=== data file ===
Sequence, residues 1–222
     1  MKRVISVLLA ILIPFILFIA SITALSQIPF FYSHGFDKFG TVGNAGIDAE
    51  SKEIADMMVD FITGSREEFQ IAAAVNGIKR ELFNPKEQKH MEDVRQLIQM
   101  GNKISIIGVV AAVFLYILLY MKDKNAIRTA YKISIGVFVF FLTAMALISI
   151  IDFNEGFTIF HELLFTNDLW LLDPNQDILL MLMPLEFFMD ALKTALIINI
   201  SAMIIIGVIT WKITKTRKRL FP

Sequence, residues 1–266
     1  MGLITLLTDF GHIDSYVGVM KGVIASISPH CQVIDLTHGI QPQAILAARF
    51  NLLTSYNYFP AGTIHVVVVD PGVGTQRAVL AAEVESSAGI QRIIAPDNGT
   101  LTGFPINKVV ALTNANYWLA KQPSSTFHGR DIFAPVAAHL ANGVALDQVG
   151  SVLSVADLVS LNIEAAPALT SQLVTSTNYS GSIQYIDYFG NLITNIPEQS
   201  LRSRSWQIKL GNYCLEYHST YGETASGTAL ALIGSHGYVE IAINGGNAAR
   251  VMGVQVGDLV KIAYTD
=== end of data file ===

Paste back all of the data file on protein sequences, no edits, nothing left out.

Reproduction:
Sequence, residues 1–222
     1  MKRVISVLLA ILIPFILFIA SITALSQIPF FYSHGFDKFG TVGNAGIDAE
    51  SKEIADMMVD FITGSREEFQ IAAAVNGIKR ELFNPKEQKH MEDVRQLIQM
   101  GNKISIIGVV AAVFLYILLY MKDKNAIRTA YKISIGVFVF FLTAMALISI
   151  IDFNEGFTIF HELLFTNDLW LLDPNQDILL MLMPLEFFMD ALKTALIINI
   201  SAMIIIGVIT WKITKTRKRL FP

Sequence, residues 1–266
     1  MGLITLLTDF GHIDSYVGVM KGVIASISPH CQVIDLTHGI QPQAILAARF
    51  NLLTSYNYFP AGTIHVVVVD PGVGTQRAVL AAEVESSAGI QRIIAPDNGT
   101  LTGFPINKVV ALTNANYWLA KQPSSTFHGR DIFAPVAAHL ANGVALDQVG
   151  SVLSVADLVS LNIEAAPALT SQLVTSTNYS GSIQYIDYFG NLITNIPEQS
   201  LRSRSWQIKL GNYCLEYHST YGETASGTAL ALIGSHGYVE IAINGGNAAR
   251  VMGVQVGDLV KIAYTD